[P4862] The Beast in Image, Text and Politics

Created by Tarek El-Ariss
Monday, 11/20/17 3:30pm


Activating a dialogue that connects the local and the transnational, historical representations with contemporary ones, this panel explores the figure of the beast, the monster, the hybrid creature, and the wretch in Arab-Islamic art and literature. Conceived either as extraordinary individual or marvelous species, the beast is present in Ahmad Saadawi's Frankenstein in Baghdad novel, on medieval metalware, across contemporary media reports of brutal autocrats, and within eschatological traditions and practices. From the lovelorn desert encampments of Jahili Arabia to the urban ruins of contemporary Homs, the beast (re)materializes today, adopting different figures and forms that are grafted upon existing discourses of natural order, religion, race, and otherness. Spectacularly haunting the Arab political landscapes, the beast is either relegated to the margins or is defiantly emerging from a corrupted and/or corrupting center. The papers in this panel seek to lay out possible histories of the beast by investigating notions of contamination, violence, hybridity, phobia, paranoia, anxiety, and demonization on the one hand, and the beast's relation to religious, scientific and political authorities, on the other.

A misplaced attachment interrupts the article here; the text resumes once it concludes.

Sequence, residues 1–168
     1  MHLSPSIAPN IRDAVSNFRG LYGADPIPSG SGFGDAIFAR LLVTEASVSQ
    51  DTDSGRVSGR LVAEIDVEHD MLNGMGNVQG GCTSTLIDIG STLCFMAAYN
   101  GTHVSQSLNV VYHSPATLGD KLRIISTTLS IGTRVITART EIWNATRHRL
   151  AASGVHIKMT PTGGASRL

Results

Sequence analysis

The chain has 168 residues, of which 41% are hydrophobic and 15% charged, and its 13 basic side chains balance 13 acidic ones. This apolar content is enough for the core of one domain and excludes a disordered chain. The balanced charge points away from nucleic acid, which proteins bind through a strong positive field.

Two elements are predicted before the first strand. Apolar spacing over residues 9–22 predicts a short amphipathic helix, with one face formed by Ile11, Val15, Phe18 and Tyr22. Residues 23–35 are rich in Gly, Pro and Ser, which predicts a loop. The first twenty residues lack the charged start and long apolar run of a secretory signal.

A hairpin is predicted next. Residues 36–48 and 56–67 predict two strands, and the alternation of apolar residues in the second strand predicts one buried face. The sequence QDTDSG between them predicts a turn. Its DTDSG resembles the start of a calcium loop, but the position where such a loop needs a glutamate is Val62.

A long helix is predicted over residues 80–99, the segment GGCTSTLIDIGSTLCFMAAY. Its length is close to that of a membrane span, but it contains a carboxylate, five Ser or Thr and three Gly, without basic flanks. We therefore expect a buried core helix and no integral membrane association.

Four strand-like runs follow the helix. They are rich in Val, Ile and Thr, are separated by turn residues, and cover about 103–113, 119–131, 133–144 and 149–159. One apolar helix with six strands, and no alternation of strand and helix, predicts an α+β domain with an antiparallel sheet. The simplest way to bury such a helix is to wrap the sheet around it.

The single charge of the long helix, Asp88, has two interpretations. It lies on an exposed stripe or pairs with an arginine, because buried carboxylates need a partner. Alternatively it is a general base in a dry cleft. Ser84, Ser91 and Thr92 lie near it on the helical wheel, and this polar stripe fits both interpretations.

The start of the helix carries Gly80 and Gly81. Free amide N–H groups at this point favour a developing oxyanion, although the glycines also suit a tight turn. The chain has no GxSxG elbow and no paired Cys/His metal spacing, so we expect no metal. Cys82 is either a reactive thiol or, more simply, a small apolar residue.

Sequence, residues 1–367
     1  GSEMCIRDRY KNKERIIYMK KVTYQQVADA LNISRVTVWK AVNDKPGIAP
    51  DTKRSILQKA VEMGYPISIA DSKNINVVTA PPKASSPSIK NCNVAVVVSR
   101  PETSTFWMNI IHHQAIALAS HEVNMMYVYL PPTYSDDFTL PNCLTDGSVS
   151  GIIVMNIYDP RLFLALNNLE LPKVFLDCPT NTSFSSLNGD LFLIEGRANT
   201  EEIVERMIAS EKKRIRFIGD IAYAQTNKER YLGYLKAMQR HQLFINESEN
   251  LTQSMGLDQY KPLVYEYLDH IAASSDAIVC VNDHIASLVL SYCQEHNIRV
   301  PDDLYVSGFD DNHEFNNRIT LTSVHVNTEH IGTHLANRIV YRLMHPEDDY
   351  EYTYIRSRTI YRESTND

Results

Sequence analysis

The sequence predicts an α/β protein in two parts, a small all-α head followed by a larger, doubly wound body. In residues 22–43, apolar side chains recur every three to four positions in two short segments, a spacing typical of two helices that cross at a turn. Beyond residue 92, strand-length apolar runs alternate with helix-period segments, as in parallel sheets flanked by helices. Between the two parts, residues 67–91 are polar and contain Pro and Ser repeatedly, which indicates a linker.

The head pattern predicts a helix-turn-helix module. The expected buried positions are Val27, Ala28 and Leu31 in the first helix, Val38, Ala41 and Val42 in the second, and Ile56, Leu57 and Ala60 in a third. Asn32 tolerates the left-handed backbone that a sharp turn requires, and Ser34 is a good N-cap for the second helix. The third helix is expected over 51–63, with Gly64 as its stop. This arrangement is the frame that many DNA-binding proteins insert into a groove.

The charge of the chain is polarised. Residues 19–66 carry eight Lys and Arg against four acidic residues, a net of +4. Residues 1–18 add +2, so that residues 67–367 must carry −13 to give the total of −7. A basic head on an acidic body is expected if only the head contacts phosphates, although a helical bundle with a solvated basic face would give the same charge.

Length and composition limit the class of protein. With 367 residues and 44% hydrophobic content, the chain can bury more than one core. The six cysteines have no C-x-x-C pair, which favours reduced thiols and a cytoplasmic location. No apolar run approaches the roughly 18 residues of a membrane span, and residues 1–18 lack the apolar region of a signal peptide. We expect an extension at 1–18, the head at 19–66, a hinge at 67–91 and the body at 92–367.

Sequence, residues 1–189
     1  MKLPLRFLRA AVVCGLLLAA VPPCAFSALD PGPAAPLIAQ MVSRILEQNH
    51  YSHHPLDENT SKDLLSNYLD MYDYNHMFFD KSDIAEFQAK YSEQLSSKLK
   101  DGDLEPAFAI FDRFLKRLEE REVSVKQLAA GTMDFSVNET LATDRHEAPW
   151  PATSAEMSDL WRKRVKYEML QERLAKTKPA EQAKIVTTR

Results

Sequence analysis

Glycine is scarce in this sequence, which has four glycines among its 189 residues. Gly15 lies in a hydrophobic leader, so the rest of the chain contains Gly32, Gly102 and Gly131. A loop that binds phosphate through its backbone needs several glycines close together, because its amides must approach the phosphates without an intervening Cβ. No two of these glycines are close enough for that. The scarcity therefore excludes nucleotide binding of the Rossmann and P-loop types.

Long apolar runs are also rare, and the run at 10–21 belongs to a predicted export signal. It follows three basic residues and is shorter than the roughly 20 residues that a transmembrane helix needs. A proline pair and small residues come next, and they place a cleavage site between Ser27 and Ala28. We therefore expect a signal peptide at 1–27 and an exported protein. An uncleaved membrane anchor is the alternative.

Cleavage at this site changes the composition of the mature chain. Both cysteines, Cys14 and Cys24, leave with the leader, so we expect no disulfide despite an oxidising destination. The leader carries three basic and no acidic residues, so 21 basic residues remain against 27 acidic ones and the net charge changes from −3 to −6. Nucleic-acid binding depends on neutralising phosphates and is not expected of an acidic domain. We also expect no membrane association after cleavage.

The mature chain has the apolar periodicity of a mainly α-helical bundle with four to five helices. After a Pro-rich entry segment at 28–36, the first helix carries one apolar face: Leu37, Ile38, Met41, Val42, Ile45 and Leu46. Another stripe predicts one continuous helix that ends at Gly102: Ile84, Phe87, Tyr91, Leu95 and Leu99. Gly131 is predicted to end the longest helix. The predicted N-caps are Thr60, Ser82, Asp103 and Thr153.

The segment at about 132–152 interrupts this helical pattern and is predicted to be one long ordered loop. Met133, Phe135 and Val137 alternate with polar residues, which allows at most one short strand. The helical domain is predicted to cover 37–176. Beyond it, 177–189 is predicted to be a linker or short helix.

Tarek El-Ariss

(Dartmouth College)
Tarek El-Ariss is Associate Professor of Middle Eastern Studies at Dartmouth College. He is the author of Trials of Arab Modernity: Literary Affects and the New Political (Fordham University Press) and editor of The Arab Renaissance: Bilingual Anthology...
Panel Participating Role(s): Organizer; Presenter;

Jeannie Miller

(University of Toronto)
Panel Participating Role(s): Presenter;

Benjamin Koerber

(Rutgers University)
Panel Participating Role(s): Presenter;

Khaled Malas

(Institute of Fine Arts, New York University)
Panel Participating Role(s): Chair; Organizer; Presenter;